America Is Selling More Arms to the Netherlands, Finland and Kuwait. Here is the Rundown.

February 21, 2018 Topic: Security Blog Brand: The Buzz Tags: arms salesMilitaryTechnologyWorldU.S.

America Is Selling More Arms to the Netherlands, Finland and Kuwait. Here is the Rundown.

Of the three potential deals, the Dutch AH-64E is probably the most prominent.

The U.S. State Department has notified the Congress of several potential new defense sales to the Netherlands, Finland and Kuwait. The potential arms deal range from Boeing AH-64E Apache gunships to fast attack vessels to Mk-41 vertical launch systems.

Of the three potential deals, the Dutch AH-64E is probably the most prominent.

“The State Department has made a determination approving a possible Foreign Military Sale to the Netherlands of items and services to support the upgrade/remanufacture of AH-64D Block II Apache Attack Helicopters to the AH-64E configuration for an estimated cost of $1.191 billion,” the State Department’s Bureau of Political-Military Affairs stated on Feb. 20. “The Defense Security Cooperation Agency delivered the required certification notifying Congress of this possible sale today.”

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As the State Department notes, the Dutch have requested a remanufacturing deal to rebuild 28 existing AH-64D Block II Apaches into the new AH-64E configuration. As part of the deal, 51 General Electric T700-GE-701C engines would be upgraded to the T700-GE-701D configuration. A host of other sensors and avionics would also be similarly upgraded.

Meanwhile, Finland hopes to purchase the Mk-41 vertical launch system, which can host a variety of naval missiles ranging from the Standard SM-2 to the Tomahawk land attack cruise missile.

“The Government of Finland has requested a possible sale of four (4) Mk 41 Baseline VII Strike-Length Vertical Launching Systems,” the State Department’s Bureau of Political-Military Affairs stated on Feb. 20. “Also included are spares, handling equipment, test equipment, operator manuals and technical documentation, U.S. Government and contractor engineering, training, technical, and logistical support services, and other related elements of logistical support.  The estimated total case value is $70 million.”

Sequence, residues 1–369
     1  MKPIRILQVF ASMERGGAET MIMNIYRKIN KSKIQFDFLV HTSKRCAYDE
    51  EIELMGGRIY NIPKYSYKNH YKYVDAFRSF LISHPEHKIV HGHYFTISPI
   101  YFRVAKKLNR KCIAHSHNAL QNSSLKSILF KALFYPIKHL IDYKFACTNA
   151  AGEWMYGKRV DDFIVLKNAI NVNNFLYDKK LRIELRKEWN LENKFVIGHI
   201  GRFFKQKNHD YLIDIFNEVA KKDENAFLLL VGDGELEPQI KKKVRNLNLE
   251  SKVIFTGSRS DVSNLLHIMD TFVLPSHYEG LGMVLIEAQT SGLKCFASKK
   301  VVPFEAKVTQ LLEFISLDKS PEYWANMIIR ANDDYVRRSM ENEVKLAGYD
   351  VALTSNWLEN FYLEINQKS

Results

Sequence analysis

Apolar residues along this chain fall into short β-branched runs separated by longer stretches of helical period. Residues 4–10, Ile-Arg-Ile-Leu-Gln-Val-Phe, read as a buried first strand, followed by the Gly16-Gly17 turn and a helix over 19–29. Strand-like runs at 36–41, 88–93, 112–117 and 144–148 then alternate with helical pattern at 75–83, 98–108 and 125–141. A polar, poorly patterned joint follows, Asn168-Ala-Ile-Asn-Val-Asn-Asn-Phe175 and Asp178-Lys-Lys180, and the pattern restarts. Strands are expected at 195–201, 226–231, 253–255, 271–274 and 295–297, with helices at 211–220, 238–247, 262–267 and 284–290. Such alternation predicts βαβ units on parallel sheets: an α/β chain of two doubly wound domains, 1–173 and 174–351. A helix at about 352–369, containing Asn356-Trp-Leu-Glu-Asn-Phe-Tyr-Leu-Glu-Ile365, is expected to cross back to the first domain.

The Mk-41s launchers would be installed onboard four new corvettes that the Finns plan to build.

“Finland intends to use the vertical launching systems on four new construction corvettes that will make up the Finnish Navy's Squadron 2020,” the State Department said. “The vertical launching systems will enable Finland to acquire missiles that will significantly enhance the Finnish Navy's area defense capabilities over critical air-and-sea-lines of trade and communication.  The proposed sale of the Mk 41 will increase the Finnish Navy's maritime partnership, interoperability, and regional security capability.  Finland has not purchased the Mk 41 previously, but will have no difficulty incorporating this capability into its armed forces.”

Finally, Kuwait hopes to purchase 15 fast patrol boats for its navy from the United States for $100 million. “The Government of Kuwait has requested to purchase fifteen (15) fast patrol boats outfitted with thirty-six (36) .50 caliber machine guns (thirty (30) installed, two (2) per boat and six (6) spares),” the State Department’s Bureau of Political-Military Affairs stated on Feb. 20. “This request also includes support equipment, personnel training and training equipment, U.S. Government and contractor engineering, technical and logistics support services, and other related elements of logistical and program support.  The estimated total case value is $100 million.”

The Kuwaitis will use the boats in a coast guard-like role.

“Kuwait intends to use the boats for patrol, interdiction, and maritime protection,” the State Department said. “These boats will help Kuwait develop and maintain a strong and ready self-defense capability.  Kuwait will have no difficulty absorbing this equipment into its armed forces.”

Thus, business continues to be robust on the arms sale front.

Dave Majumdar is the defense editor for The National Interest . You can follow him on Twitter: @davemajumdar .